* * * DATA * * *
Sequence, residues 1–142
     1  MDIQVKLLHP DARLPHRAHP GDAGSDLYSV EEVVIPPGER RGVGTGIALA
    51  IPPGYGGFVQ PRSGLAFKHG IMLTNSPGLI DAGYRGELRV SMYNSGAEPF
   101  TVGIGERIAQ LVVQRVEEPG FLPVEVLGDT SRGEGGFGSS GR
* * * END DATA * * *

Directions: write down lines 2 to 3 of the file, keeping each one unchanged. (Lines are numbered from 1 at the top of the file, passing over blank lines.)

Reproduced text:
     1  MDIQVKLLHP DARLPHRAHP GDAGSDLYSV EEVVIPPGER RGVGTGIALA
    51  IPPGYGGFVQ PRSGLAFKHG IMLTNSPGLI DAGYRGELRV SMYNSGAEPF